FBI officials are concerned that Al Qaeda, with its ranks thinned and tactics exposed by a series of arrests, may turn to women to carry out or facilitate surprise terror attacks, officials say.

For the first time in the war on terror, the FBI has issued a be-on-the-lookout bulletin for a woman, a Pakistani neurological expert, wanted for questioning in connection with Al Qaeda. Analysts are also examining claims made by another woman in an Arabic newspaper that she was tasked by Usama bin Laden to open training camps for female terrorists.

Female attackers, successfully used by other terror organizations like the Palestinian Al Aqsa Martyrs Brigade, would represent a major tactical shift for Al Qaeda after years of being aligned with the Afghan Taliban regime that oppressed women and treated them as second class citizens unworthy of participating in the Islamic jihad, officials said.

Several U.S. intelligence officials said they have no credible information suggesting there is an imminent attack plan to be carried out by women but that analysts are wary of the possibility, especially in light of recent developments.

"We're aware it is an option and one that was used recently against the Israelis and could easily be adapted by Al Qaeda," one official said, speaking on condition of anonymity. "But we have nothing to suggest it is about to happen right away."

FBI spokesman Mike Kortan said the bureau was constantly looking for trends to help prevent terrorist attacks.

There are several factors in the last month that have led the FBI to prepare for the possibility that Al Qaeda might turn to women.

U.S. officials learned of an interview in mid-March in an Arabic newspaper in which a woman claimed Al Qaeda was setting up training camps to train women to become "martyrs." The woman identified herself only as Umm Usama, which translates "mother of Usama."

"We are building a women's structure that will carry out operations that will make the U.S. forget its own name," the woman claimed in the interview with the Asharq al Awsat newspaper based in London. The woman said her job was "to oversee the training of the female mujahedeen affiliated with Al Qaeda and the Taliban."

She cited the success of Palestinian female suicide bombers used against Israel in recent months as an impetus for Al Qaeda's planning. "The organization thought about this before, but interest increased after the female martyr attacks in Palestine and Chechnya," the woman was quoted as saying.

U.S. officials said that while they had some suspicions about the interview because it was carried out across the Internet using chat rooms and e-mail, it illustrated that women are considered a viable option for future Al Qaeda attacks.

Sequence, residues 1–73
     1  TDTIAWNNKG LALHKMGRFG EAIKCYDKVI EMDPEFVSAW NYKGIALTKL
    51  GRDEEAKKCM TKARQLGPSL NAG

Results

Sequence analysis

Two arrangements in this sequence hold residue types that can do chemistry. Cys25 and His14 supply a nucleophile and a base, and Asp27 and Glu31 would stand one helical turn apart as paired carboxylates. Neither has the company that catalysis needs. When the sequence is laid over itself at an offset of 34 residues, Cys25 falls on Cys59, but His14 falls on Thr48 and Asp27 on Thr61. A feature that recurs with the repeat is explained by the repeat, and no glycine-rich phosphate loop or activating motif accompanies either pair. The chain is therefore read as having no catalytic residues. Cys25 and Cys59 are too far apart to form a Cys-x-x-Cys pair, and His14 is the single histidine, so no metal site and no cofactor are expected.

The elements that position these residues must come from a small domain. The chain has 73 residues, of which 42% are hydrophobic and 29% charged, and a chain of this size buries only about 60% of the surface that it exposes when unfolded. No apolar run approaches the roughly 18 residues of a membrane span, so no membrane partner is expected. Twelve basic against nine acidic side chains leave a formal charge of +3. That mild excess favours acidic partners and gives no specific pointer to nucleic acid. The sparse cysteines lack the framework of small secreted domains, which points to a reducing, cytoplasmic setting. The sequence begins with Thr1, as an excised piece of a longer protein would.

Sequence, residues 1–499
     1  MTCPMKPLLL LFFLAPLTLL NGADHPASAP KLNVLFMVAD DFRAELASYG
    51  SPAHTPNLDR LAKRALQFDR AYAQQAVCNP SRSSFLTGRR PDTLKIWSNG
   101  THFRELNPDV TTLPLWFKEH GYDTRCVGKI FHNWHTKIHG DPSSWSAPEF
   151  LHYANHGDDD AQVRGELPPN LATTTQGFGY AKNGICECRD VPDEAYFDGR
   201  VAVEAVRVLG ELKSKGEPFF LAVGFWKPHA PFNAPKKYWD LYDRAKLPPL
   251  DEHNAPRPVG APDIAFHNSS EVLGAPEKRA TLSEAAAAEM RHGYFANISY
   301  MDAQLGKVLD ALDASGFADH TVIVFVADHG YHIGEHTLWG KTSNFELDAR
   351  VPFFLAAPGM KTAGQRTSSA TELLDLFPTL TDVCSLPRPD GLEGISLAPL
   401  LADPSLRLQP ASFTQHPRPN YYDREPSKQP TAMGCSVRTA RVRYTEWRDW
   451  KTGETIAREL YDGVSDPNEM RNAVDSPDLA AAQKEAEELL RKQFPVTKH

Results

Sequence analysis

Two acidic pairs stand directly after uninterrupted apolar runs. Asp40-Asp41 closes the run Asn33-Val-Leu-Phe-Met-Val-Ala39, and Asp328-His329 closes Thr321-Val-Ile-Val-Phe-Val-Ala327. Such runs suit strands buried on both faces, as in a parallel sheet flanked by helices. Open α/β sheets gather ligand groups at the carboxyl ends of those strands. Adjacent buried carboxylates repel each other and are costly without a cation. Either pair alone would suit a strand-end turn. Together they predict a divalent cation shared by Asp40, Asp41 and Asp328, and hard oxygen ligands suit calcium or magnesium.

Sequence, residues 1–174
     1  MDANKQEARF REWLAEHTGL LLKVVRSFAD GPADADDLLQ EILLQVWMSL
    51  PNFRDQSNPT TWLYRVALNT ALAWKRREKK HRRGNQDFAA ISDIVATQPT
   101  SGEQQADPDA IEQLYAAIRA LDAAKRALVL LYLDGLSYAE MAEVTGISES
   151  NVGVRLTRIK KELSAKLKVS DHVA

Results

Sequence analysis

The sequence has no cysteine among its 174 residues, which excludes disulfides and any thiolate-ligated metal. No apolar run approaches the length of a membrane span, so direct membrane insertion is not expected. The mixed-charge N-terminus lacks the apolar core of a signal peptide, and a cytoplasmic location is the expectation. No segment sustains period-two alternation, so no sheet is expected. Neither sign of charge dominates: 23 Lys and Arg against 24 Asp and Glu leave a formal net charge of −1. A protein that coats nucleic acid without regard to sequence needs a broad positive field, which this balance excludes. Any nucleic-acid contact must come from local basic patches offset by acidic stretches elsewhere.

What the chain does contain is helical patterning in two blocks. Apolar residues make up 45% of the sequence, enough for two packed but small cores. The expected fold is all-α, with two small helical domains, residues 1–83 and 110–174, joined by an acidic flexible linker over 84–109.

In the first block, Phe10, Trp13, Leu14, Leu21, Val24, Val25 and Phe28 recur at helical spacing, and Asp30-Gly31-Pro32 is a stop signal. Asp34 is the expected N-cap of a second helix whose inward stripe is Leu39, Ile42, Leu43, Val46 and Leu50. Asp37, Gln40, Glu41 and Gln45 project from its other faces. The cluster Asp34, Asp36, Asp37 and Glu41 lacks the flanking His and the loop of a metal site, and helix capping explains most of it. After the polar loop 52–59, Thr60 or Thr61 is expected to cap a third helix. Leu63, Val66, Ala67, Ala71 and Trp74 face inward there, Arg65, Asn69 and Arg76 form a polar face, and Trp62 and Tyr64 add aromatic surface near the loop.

The FBI recently put out a global alert for 31-year-old Aafia Siddiqui, as well as her estranged husband, Dr. Mohammed Khan, 33. It was the first time an FBI bulletin sought a woman since the war on terrorism began, officials said.

The FBI said Siddiqui, who has a doctorate in neurological science from the Massachusetts Institute of Technology, may be in Pakistan, but lived in Boston while attending MIT and recently traveled to the Maryland suburbs of Washington.

FBI officials said they were not alleging she "is connected to specific terrorist activities" but that they wanted to question her about possible contacts with people under suspicion of terrorist activities.

A third reason to suspect a tactical shift, FBI officials said, is that bin Laden's network has suffered several losses in its senior ranks over the last few months and is aware documents and interrogations have yielded substantial information about its planning and tactics.

In testimony last week, FBI Director Robert Mueller divulged that more than 212 suspected terrorists have been charged with crimes since Sept. 11, 2001 -- 108 who already have been convicted. Several were on U.S. soil and in a position to launch attacks, officials said.

FBI officials said Al Qaeda has prided itself on crafting attacks that catch authorities off guard and may be increasing pressure to turn to women.

The use of women in terrorist attacks is rare but not new.

A handful of young Palestinian women carried out four dramatic suicide bombings in Israel last year, completely foiling the military's security profiling and shaking both the Palestinian and Israeli populations.

In 1991, the Tamil Tigers group fighting for independence in Sri Lanka used a woman, who detonated explosives strapped to her body, to assassinate Indian prime minister Rajiv Gandi during a 1991 political rally.

Shibley Telhami, a University of Maryland professor and a fellow at the Brookings Institute, said if Al Qaeda begins recruiting women it "clearly expands their possibilities" but would be ironic given Al Qaeda's alliance with the Taliban. The Taliban would not allow women to be educated or to work outside their home during its hardline rule of Afghanistan.

Telhami said such a shift further would illustrate that many terrorist groups he has studied are affected more by secular pragmatism than religious beliefs.

"I think these groups use Islamist theology to justify whatever they think would work," Telhami said. "If they do in fact find women useful in their operations, I think they will find a rationalization."